A kitchen accident helped this writer to deal with the loss of parent

Since the 1960s it has been commonly understood that grief proceeds in well-defined stages. It’s a useful way of viewing what happens to people who lose a loved one. However, in this long and thoughtful piece for Psyche magazine, US philosophy professor Joshua Thomas suggests that, for him at least, there is another way to understand it.

Read full story on psyche.co

Share this:

Read our latest blog posts

Finding solace in grief: How embracing loss helped heal a broken heart

After enduring profound loneliness following the deaths of both parents, Lisa Wright explains how she found solace and understanding in the act of missing them, which ultimately provided a path to healing.

With artificial intelligence, the dead – or something like them – can live on

Several companies now combine virtual reality and artificial intelligence technologies with family memories, social media posts, recordings and other material to create digital models of people who have died. Some are chatbots, some are onscreen avatars and some are even three-dimensional robots. They talk, they laugh, they cry, they learn – or at least appear to. But are they a good idea?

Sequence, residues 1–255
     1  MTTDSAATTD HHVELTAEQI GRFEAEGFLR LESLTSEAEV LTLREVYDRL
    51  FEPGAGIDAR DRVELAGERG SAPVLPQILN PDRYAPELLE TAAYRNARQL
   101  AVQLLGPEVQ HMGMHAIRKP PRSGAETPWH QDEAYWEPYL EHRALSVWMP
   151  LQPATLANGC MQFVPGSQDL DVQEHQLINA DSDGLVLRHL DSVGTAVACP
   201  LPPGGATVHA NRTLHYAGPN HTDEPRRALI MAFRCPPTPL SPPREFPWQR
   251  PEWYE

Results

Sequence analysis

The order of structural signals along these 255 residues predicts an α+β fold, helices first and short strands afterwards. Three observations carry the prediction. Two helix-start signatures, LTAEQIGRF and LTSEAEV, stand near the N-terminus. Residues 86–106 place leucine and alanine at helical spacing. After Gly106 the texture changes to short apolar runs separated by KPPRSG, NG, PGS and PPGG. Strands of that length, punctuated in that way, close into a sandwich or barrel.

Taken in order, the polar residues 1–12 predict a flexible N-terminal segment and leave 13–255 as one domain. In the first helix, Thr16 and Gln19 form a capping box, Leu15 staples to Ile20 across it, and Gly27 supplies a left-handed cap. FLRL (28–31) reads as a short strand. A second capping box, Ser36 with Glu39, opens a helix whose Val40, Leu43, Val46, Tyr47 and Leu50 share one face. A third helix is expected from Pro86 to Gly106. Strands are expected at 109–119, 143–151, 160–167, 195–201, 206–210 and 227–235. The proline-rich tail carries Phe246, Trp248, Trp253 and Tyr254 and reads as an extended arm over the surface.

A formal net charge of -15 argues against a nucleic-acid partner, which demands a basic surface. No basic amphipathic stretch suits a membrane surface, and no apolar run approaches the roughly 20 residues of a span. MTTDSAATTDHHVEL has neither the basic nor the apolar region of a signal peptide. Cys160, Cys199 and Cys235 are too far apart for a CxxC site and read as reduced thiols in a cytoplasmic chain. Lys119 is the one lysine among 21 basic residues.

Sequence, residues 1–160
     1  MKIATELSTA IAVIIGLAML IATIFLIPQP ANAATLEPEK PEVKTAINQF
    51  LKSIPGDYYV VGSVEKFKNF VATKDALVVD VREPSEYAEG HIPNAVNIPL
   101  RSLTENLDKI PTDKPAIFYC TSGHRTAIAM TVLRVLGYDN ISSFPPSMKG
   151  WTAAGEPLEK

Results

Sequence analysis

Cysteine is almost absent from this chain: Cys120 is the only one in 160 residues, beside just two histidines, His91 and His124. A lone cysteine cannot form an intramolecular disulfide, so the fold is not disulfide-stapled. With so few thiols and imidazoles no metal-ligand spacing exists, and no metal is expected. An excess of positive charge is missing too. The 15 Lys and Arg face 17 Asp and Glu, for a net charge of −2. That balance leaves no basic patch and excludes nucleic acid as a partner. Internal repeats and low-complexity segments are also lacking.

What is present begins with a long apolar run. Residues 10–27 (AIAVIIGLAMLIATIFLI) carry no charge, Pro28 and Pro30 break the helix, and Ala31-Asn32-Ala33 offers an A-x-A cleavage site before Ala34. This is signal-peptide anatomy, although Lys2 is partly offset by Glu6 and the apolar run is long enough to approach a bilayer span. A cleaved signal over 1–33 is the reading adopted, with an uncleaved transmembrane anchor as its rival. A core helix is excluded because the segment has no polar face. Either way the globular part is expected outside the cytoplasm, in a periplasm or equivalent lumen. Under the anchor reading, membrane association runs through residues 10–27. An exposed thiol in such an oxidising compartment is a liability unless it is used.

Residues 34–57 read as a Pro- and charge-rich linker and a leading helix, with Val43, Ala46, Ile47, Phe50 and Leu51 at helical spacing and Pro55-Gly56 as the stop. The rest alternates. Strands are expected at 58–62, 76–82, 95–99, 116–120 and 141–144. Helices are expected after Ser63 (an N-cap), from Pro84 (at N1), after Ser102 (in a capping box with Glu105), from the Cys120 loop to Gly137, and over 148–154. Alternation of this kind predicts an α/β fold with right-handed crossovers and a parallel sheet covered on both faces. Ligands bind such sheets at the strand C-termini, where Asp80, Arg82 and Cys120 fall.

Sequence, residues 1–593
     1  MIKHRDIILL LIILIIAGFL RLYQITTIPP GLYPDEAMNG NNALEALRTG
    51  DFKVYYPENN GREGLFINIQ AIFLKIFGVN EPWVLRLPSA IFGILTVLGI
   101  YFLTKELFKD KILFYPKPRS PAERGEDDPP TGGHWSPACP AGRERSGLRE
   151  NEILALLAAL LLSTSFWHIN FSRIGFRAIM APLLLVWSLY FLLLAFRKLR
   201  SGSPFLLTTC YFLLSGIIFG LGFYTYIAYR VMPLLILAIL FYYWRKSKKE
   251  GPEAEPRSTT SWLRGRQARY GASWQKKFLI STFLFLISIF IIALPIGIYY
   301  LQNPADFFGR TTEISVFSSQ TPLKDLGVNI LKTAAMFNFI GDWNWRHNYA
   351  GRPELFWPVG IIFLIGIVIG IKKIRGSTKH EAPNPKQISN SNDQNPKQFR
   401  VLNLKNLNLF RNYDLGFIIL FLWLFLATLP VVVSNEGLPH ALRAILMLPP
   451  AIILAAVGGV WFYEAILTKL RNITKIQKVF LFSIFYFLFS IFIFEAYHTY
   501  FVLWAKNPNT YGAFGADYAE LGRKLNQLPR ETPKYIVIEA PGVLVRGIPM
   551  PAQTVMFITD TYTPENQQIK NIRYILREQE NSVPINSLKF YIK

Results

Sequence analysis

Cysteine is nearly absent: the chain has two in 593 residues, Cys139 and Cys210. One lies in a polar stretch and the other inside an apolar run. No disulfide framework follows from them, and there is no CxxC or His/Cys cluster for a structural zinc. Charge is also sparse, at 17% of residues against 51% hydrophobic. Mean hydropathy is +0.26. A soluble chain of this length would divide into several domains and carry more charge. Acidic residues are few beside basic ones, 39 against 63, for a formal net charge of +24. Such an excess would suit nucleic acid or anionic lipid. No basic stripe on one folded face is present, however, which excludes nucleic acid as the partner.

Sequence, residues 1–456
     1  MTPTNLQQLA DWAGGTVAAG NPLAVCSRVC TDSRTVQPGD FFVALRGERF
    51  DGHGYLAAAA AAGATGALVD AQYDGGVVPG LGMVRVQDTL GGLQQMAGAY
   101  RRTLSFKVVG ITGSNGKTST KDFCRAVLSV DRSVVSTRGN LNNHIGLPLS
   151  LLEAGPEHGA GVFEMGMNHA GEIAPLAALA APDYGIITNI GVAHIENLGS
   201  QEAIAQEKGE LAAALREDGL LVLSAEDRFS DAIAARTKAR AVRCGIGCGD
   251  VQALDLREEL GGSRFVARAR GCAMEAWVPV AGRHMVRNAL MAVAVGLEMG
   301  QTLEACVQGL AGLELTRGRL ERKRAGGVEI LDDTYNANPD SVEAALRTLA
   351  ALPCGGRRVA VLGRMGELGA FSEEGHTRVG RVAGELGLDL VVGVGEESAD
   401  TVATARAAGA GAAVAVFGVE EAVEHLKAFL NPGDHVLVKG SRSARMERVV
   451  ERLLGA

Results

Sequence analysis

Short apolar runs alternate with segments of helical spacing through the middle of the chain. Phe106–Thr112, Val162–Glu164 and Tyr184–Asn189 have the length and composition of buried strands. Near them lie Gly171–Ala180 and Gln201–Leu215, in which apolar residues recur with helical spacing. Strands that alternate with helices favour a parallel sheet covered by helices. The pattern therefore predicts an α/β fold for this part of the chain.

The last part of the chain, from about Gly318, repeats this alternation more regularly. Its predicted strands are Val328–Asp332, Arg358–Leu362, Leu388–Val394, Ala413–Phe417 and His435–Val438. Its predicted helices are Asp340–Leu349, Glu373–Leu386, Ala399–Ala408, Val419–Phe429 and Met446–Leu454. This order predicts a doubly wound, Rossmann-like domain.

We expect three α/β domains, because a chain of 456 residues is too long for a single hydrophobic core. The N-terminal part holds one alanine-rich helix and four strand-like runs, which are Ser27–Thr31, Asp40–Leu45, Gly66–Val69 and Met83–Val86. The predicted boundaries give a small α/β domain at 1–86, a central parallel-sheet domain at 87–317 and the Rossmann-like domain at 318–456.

Reflections on the death of a famous friend

Fans of long-running television chefs The Hairy Bikers were saddened when co-host Dave Myers died from cancer in early 2024. The other half of the duo, Si King, was devastated. Here he talks to The Observer’s food critic, Jay Rayner, about coming to terms with life and work in the silence that descended with the loss of his best friend.

See all blog posts
Precious Time Logo

Information and advice for people at the end of life, and those who care for them.

Suggest or update a service

North Western Melbourne Primary Health Network (NWMPHN) acknowledges the peoples of the Kulin nation as the Traditional Custodians of the land on which our work in the community takes place. We pay our respects to their Elders past and present.

We welcome all people irrespective of ethnicity, lifestyle choice, faith, sexual orientation and gender identity.

North West Melbourne PHN Logo

This project is by North Western Melbourne Primary Health Network, partnering with Portable for web and design services.

© Precious Time, 2024.

Give Feedback